Putting back copper will only result in it being stolen again. This is what rural churches do after their roofs are stripped of lead – they put out an appeal for cash to replace the lead, after which the thieves promptly steal it again. This continues until they face reality by using a less valuable substitute.

    • Avatar The Facts

      Please describe what you would do in this situation.

    • Avatar Optimist

      Openreach needs to accelerate the swithover to fibre. Regarding lead on church roofs, I understand there are substitutes for lead but the churchwardens are ether unwilling or blocked from using them.

    • Avatar CarlT

      So we leave these people without phone or broadband service until they’ve all had FTTC or FTTP alongside a digital voice service installed?

      Obviously this also means building FTTC cabinets and providing modems, forced migrations of people to new service providers, etc, and a new modem or router for every property.

      In the case of FTTP it is even more fun as alongside the FTTP infrastructure a fibre drop has to be installed and an ONT in each and every one of the about 2000 properties, with those whose ISPs do not offer FTTP being forced to change which will I’m sure go down wonderfully with their current provider and Ofcom.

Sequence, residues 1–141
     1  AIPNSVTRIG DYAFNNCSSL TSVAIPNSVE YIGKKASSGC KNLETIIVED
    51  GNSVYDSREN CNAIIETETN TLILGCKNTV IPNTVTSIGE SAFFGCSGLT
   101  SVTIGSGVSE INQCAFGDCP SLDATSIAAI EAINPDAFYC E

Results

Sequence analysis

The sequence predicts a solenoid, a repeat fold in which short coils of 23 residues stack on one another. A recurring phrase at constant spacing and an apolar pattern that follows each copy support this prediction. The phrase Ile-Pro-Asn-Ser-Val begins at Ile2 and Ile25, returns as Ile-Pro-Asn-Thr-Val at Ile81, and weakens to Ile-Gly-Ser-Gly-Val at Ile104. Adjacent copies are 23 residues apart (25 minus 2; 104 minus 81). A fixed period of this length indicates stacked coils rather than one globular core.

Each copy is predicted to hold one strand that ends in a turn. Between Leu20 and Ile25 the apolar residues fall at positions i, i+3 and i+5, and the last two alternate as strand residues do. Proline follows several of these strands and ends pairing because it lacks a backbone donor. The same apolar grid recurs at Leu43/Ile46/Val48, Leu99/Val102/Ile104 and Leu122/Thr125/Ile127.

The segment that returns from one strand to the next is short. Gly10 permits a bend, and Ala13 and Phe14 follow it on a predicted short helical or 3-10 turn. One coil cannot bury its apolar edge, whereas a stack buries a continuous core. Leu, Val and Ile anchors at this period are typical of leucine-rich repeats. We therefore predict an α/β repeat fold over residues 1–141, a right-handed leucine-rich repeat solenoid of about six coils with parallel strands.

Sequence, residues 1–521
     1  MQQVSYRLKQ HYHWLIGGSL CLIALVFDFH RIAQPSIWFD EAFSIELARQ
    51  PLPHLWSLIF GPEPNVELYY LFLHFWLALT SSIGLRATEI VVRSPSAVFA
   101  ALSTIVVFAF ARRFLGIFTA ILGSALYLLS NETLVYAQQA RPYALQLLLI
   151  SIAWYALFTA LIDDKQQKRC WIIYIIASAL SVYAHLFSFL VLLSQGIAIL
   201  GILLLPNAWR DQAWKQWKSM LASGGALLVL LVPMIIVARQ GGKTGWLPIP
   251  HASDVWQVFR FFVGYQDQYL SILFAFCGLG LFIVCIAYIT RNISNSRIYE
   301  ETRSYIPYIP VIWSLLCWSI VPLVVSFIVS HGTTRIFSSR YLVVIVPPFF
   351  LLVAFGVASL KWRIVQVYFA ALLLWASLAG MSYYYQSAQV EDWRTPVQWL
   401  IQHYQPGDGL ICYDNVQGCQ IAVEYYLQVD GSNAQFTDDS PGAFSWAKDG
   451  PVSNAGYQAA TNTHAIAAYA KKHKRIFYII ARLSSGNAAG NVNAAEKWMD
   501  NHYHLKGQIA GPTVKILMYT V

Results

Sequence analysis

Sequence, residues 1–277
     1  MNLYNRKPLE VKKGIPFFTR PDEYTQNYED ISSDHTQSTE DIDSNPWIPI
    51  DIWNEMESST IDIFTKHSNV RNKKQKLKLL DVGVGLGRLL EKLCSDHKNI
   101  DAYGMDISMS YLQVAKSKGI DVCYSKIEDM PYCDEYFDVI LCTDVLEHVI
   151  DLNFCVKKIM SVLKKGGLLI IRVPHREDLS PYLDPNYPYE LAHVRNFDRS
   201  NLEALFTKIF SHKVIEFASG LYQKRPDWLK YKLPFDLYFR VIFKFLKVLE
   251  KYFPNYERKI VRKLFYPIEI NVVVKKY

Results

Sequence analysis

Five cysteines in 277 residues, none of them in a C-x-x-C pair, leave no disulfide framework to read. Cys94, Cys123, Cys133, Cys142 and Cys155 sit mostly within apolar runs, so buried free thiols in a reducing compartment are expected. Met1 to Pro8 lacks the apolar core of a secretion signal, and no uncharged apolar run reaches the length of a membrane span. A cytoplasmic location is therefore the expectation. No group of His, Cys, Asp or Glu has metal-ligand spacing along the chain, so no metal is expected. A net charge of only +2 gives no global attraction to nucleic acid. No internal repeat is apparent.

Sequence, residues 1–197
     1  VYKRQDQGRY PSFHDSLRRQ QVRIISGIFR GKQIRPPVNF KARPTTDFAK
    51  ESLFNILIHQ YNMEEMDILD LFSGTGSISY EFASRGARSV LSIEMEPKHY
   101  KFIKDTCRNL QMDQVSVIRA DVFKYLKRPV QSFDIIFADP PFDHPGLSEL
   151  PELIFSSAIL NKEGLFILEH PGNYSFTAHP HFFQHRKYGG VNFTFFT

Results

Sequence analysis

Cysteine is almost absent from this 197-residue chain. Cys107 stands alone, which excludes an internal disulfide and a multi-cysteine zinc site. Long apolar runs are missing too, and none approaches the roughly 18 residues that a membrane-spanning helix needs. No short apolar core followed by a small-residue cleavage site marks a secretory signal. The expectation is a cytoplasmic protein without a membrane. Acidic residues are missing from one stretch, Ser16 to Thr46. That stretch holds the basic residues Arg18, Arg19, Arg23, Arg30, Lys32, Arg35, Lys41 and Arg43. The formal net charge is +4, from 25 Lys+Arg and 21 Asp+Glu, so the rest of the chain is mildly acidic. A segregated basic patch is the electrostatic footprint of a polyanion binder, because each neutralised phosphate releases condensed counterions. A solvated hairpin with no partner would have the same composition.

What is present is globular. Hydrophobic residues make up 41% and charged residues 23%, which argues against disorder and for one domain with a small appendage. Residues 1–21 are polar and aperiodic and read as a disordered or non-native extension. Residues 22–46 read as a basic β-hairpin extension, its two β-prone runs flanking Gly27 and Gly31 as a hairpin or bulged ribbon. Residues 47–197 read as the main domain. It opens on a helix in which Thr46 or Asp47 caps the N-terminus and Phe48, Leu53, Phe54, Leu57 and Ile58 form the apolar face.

Think a little more realism is needed alongside the optimism here.

    • Avatar Mike

      Alternative is put a claymore in the cabinet, triggered if forcibly opened.

    • Avatar Optimist

      “So we leave these people without phone or broadband service until they’ve all had FTTC or FTTP alongside a digital voice service installed?

      Obviously this also means building FTTC cabinets and providing modems, forced migrations of people to new service providers, etc, and a new modem or router for every property.”

      That process has already started. Other technolgies which should hasten the eclipse of copper are 5G and LEO satellites – radio waves are not easily stealable.

    • Avatar CarlT

      I fundamentally have no opposition whatsoever. The people impacted alongside the service providers and of course their regulator overseeing it all are likely to disagree.

      If there were a ‘clean’ way to replace the stolen copper segment with fibre I’d be right at the front calling for it. I loathe the replacement of metallic paths with metallic paths and want them gone as much as anyone but this is just where we are right now.

    • Avatar lolfibre

      BT can’t migrate cabinets robbed of copper to fibre, everyone would go out and rip their own out.

  2. Avatar Steve

    @The Facts

    SWA phone cable with a 415v ground? 😛

  3. Avatar Martin E

    The solution is simple and very effective: Non-surgically remove their hands and then hot brand the words thieving scum on their foreheads. No reoffending and everyone knows exactly what they are. If they are no longer able to wipe their arse then tough. The smell will give even more warning.